Keith Wishum: Giving to Caesar
Published 2:10 pm Saturday, June 30, 2018
Have you noticed that if you combine the letters in “the IRS,” you spell “theirs”? It has been said: only two things are certain in life — death and taxes. It has also been wisely said: of those two, only death doesn’t get worse every year.
We love to joke about paying taxes. And, I do my share of complaining about the complexity of the paperwork. It only took me two years to complete my 2017 return!
Paying taxes, however, is not a bad thing. It’s something Jesus teaches his followers to do. Hoping to lure him into speaking out against the corrupt, oppressive Roman government, someone once asked Jesus, “Is it right to pay taxes to Caesar or not?”
Pointing out whose image was imprinted on currency, Jesus replied, “Give to Caesar what is Caesar’s, and to God what is God’s” (Matthew 22:15ff).
Paying taxes is right. It’s also a bargain. For example, my two children received a “free” public education that cost about $10,000 per year each. I didn’t pay $20,000 in taxes per year while they were in school. And these days, I get to work in a campus ministry with bright college students whose future contributions to our community are being partially funded by tax dollars flowing.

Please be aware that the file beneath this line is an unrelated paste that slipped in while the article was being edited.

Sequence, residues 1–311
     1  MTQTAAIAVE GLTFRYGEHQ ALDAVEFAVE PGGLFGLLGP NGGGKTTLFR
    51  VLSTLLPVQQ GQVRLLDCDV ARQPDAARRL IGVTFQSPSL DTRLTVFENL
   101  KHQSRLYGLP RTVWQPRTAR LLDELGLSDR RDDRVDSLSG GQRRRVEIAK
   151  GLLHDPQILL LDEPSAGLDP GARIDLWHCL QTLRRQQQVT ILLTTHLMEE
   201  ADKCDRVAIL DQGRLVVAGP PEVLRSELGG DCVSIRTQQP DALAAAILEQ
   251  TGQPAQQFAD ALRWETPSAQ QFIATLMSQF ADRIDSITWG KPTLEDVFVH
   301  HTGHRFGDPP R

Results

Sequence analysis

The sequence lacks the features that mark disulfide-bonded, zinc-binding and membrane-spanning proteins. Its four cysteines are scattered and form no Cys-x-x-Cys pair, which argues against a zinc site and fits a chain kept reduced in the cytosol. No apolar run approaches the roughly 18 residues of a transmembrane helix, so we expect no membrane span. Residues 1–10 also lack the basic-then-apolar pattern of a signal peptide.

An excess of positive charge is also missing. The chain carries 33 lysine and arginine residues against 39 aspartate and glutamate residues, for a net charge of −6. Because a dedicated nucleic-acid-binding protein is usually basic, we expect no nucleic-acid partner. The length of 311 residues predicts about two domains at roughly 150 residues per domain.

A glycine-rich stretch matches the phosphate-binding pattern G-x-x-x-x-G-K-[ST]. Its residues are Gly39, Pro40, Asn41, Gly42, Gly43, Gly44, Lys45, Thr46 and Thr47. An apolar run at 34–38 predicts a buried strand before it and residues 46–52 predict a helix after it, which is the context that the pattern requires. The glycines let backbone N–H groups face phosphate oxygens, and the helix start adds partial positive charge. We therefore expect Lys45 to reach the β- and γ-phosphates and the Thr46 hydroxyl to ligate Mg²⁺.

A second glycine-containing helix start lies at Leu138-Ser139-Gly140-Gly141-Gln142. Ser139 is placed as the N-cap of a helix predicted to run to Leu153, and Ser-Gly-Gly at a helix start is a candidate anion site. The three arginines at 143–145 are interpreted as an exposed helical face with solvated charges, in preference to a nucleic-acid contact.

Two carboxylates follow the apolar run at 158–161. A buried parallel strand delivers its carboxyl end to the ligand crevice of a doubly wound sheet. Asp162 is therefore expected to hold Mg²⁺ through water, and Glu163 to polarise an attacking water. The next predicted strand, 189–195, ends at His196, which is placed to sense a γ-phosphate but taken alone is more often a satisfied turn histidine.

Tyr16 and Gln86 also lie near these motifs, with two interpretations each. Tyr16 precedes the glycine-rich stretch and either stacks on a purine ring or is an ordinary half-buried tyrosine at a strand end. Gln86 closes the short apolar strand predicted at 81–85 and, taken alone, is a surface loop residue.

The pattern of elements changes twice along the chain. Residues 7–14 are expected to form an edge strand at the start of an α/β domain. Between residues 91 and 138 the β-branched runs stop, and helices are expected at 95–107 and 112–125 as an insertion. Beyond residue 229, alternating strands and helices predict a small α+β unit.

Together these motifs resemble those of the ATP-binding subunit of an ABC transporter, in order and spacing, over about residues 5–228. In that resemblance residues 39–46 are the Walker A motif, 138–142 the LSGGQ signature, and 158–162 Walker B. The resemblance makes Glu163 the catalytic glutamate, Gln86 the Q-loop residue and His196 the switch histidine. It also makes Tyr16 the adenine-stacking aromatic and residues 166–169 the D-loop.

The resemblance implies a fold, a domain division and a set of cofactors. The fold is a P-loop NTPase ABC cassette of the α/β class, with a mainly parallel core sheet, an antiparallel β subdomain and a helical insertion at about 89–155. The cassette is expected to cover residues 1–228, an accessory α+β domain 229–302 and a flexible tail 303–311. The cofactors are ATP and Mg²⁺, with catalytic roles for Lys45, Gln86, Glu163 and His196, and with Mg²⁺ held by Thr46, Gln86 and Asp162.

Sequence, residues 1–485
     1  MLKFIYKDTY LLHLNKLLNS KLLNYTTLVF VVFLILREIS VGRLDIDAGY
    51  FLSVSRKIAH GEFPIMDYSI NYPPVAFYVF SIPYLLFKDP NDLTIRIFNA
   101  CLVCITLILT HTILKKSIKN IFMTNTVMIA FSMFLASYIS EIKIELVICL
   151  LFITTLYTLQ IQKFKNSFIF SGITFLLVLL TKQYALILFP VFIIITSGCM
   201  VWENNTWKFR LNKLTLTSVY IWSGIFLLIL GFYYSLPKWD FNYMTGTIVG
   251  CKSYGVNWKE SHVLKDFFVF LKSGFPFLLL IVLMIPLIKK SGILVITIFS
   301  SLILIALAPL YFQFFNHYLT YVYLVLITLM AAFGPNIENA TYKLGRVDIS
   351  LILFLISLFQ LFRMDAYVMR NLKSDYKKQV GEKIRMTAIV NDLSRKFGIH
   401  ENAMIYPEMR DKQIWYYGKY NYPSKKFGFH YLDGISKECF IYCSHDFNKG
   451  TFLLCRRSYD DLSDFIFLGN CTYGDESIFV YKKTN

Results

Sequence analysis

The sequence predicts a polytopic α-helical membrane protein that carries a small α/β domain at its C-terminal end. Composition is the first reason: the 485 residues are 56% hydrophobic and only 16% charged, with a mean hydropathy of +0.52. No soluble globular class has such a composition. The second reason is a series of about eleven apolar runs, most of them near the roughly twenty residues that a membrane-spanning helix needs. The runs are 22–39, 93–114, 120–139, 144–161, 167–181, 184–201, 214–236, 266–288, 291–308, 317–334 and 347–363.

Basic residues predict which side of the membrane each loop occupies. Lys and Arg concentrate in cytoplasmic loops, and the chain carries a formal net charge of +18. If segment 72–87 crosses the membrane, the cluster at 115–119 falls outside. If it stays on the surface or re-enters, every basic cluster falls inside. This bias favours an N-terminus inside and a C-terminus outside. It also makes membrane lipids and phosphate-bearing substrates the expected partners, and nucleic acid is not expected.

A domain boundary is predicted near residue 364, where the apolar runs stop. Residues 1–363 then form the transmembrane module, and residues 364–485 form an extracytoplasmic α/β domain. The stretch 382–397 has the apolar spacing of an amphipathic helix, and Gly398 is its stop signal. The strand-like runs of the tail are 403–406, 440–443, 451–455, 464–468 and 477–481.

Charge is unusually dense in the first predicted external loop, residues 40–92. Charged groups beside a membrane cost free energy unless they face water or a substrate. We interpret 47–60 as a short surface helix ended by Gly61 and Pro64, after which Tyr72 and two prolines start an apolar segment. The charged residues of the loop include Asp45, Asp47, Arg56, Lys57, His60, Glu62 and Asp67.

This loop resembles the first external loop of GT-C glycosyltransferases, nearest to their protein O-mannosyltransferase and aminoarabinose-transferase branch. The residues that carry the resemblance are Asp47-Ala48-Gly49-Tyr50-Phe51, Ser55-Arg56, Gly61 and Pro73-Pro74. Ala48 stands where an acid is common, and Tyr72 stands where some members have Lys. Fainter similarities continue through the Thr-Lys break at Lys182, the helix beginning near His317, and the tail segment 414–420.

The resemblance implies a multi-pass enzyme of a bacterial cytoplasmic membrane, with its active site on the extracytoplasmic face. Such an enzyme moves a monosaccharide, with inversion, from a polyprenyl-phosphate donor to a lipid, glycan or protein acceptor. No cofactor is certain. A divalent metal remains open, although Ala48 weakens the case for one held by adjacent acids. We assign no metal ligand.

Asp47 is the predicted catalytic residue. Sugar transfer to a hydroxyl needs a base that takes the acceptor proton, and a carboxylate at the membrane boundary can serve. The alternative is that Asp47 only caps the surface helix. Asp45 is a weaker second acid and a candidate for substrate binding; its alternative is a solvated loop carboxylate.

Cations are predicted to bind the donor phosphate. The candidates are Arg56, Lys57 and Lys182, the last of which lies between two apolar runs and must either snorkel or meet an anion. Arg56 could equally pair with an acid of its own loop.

Not only did my kids receive a quality education, but my wife’s salary as a teacher came from tax revenues. So do the salaries of several of our friends in education, and our friend the police officer, and our friend the fireman, and our friend who receives disability income, and the ones in the military. How could I begrudge paying my share of the funds that provide livelihood for so many of my friends?
When the house next to ours caught fire, firemen responded before I even knew there was a fire. They efficiently snuffed the blaze, keeping my family and property safe, but did not send me a bill. That service is provided by tax dollars.
Each spring, I play softball on fields funded by tax dollars. My family spends a wonderfully pleasant week in the mountains each June at beautiful Vogel State Park, a park built with government funds and maintained by tax funds. We drive there on nice roads paved with tax dollars. There isn’t a toll booth anywhere.
Taxes are inevitable. Our attitude about paying them is optional. Why not choose to pay more pleasantly by recognizing that paying taxes pleases God and provides excellent benefits?
Keith Wishum is minister, Williams Road Church, Americus.